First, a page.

This is not the Rookie’s first rodeo with death.
The Rookie grew up surrounded by death: peaceful and benign ones, a grandfather passing in his sleep, taken by old age and a failing heart. There was the flip side of the coin – a younger cousin, life taken away as abruptly as a thunderstorm; a freak accident, charred limbs reaching out for help with what little life force left before falling limply to the ground. There have been blood and lightning and things that should not have happened but did and things that should have happened and did. The Rookie is intimate with death, knows full well the arbitrariness of the action, the senselessness of the reaping. Death does not discriminate. It comes for those who have not lived enough and those who have lived for far too long, and never is it fully welcome. That much, the Rookie knows.
But this – this is not something the Rookie is familiar with. This is a cardboard box in the kitchen of his too-small apartment, reeking faintly of malice and hate. This is a dark red slowly seeping through the brown cardboard, pooling on his tiny dining table for two. This is raising the flaps to find the severed head of an elderly lady, her glazed eyes open wide in terror. This is death in its most unnatural form, the most malicious and hateful, the most childish form of all – this is death forced onto an unwilling participant purely for the sake of entertainment, and the suffering of another.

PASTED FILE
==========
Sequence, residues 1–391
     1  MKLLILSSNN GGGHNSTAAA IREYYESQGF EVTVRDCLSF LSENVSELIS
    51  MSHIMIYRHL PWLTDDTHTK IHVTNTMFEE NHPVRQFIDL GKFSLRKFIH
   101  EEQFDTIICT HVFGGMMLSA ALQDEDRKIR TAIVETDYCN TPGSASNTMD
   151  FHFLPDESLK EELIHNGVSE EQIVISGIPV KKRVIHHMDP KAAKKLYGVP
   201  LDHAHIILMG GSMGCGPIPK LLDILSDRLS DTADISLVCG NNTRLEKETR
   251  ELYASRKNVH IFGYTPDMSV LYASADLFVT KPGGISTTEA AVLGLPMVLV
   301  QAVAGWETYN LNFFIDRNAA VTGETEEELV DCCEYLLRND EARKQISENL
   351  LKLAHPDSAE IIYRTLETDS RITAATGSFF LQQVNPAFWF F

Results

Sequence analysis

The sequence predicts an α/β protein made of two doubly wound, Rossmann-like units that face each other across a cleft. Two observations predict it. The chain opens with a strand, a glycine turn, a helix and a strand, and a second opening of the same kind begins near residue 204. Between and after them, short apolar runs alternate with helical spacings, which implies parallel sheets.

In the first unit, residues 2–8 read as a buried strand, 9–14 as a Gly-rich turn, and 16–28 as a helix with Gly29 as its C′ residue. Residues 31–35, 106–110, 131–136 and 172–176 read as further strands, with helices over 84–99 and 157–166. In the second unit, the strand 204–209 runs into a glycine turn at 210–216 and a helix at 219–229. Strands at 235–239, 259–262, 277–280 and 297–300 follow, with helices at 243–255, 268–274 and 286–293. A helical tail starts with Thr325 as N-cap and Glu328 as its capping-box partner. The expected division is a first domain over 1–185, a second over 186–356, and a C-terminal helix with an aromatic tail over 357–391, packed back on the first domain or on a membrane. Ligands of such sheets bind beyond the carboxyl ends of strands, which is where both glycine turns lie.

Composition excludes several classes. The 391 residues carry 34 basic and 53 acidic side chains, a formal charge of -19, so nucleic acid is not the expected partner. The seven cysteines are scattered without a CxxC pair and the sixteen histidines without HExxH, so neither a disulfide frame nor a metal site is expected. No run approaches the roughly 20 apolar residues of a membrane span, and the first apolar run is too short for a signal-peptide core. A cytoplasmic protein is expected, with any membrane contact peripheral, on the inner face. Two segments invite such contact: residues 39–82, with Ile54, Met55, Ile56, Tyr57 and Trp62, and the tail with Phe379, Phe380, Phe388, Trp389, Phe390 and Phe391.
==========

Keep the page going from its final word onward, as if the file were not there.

This is the worst kind of death, and the Rookie begins to understand what the Detective means.
The moon tells him the world is too vast and death too rampant for him to keep up with every lost soul he sees, but the Rookie thought he could handle it. Now that it’s there on his kitchen table, sitting pretty in a box just for him, he doesn’t think he can handle it at all.